Letters to the Editors – July 2004

Title: Letters to the Editors
Publication: The Outcrop, July 2004, p. 12

Editors’note: The March lead article, “Carbon Storage in the Rockies – How do we address the challenges?” by Genevieve Young, elicited responses from Susan Hovorka and Robert Kenney, which were published in the May issue of The Outcrop. The letter from Robert Kenney elicited the following response:

Dear Editors,

Thanks for the excellent March 2004 article on “Carbon Storage in the Rockies.” Thanks also for publishing Robert Kenney’s opinions regarding that article in the editorial section. Mr. Kenney disagreed with what he perceives as RMAG’s promotion of what he views as “…the highly debatable concept of manmade, greenhouse gasses as the cause of global warming…”

Mr. Kenney’s editorial is an example of that form of scientific challenge which relies on ridicule instead of the more rigorous task of critically analyzing the data. Mr. Kenney presumes that the scientific community should uncritically accept his assessment of global warming as “…mythology…a scare…a bogus, unproven theory…”

We all know global warming is a complex issue, not amenable to thorough analysis here (perhaps a future Outcrop article?), and that the existing climate models need better constraints (as do our industry’s working reservoir models – which are nonetheless an essential industry tool) to be able to reproduce many intertwined phenomena. However, there are some indisputable facts which beg for a second glance. The following information is from the National Oceanic and Atmospheric Administration’s website (noaa.gov):

1) Humans pump 6 billion metric tons of CO2 into the atmosphere each year through the burning of fossil fuels.

2) Measurements at Mauna Loa and NOAA’s sample collection sites around the world show an inexorable increase in CO2 since 1958, with two slight dips in that increase which have been attributed to several possibilities – differential buffering of the land and oceanic carbon sinks (ascribable to various reasons), volcanic eruptions (Pinatubo?) depressing terrestrial ecosystems and also seeding oceanic sinks with iron.

3) CO2 is one of the 4 atmospheric gases which have been shown to best reflect UV light in the form of heat back to earth instead of disappating it, giving rise to the “greenhouse effect,” a phenomenon reproducible in NOAA’s laboratories.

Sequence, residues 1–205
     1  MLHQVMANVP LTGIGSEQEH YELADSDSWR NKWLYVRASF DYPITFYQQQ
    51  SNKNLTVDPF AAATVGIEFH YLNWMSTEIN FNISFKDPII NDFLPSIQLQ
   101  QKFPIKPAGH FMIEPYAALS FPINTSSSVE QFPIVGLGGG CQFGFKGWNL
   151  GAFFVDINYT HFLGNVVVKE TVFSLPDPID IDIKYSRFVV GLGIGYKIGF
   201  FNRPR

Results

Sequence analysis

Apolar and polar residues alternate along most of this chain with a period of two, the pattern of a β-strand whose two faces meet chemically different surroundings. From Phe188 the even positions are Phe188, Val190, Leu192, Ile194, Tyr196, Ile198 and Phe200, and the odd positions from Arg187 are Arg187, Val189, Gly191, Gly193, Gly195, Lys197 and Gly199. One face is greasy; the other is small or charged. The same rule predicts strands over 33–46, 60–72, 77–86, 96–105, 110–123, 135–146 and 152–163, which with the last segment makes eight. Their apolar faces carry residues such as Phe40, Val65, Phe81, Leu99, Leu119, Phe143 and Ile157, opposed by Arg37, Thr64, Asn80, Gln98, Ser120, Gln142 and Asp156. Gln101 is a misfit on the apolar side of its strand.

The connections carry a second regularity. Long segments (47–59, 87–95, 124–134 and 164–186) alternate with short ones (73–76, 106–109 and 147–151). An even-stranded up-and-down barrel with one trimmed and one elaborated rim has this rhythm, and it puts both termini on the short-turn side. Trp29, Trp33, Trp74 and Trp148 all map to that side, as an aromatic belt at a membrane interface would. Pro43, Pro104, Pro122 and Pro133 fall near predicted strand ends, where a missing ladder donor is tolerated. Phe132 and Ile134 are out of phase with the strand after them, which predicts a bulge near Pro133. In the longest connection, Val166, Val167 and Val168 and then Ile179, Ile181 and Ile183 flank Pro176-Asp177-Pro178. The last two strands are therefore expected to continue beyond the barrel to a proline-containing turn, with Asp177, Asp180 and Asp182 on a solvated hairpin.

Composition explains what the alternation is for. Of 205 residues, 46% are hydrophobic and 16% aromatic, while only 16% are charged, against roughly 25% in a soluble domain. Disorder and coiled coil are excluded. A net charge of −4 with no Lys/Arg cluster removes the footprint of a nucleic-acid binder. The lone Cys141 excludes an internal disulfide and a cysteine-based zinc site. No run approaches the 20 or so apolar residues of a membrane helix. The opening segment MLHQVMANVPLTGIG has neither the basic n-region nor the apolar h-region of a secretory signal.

4) Average surface temperature of the earth has been increasing since the onset of the Industrial age.

Though we know that surface temperature has varied considerably in both the recent and geologic past, and we also know that ‘correlation does not equal causation,’ isn’t this collection of facts worth a closer look instead of simple name-calling? Together with the fact that (as Donna Anderson pointed out) Earth is approaching the optimal configuration for receiving maximum solar insolation, these facts call for at minimum a ‘first pass’ risk assessment.

Worst case – best estimates conclude that at the current rate of global warming, continental glaciers including the Antarctic ice shelf would melt within our lifetime, which would raise sea level by 40-70 meters – submerging global coastlines home to about a third of Earth’s population, and surpassing any measurable sea level rise in human history. (On the plus side for those of us living in the Rockies, real estate value in the mountain area would likely increase as our homes became Interior Seaway-side properties, from which we could view DJ Basin offshore drilling operations).

Best case – if the current rate of global warming slows to a minimum, we might forestall the onset of an ice age for an indeterminate amount of time. However, warming to the point of melting Arctic ice would stop the density-driven North Atlantic bottom water oceanic current, which warms most of Europe and the eastern U.S., and bring major climate disruptions (flooding, hurricanes) around the globe (recall the El Niño disruptions in recent history).

In either case, it is reasonable to surmise that humans are impacting Earth’s climate, and prudent to apply our creativity to finding ways to reduce the amount of CO2 we pump out of the ground into the atmosphere. If I or Mr. Kenney bought (or worse, rejected!) a prospect based on as limited an inquiry or analysis of the data as he demonstrates, we could and should be laughed out of a job.

Finally, I refer Mr. Kenney to the National Oceanic and Atmospheric Administration’s website (noaa.gov), where the Climate Monitoring and Diagnostics Laboratory – Carbon Cycle Greenhouse Gases research group has published much of the excellent work which prompted the “…inane and punitive measures enacted by government bureaucracies…” to which Mr. Kenney refers. The research and evidence of many reputable earth scientists await our collective analysis.


Katie Joe McDonough, Consulting Geologist/Geophysicist, RMAG member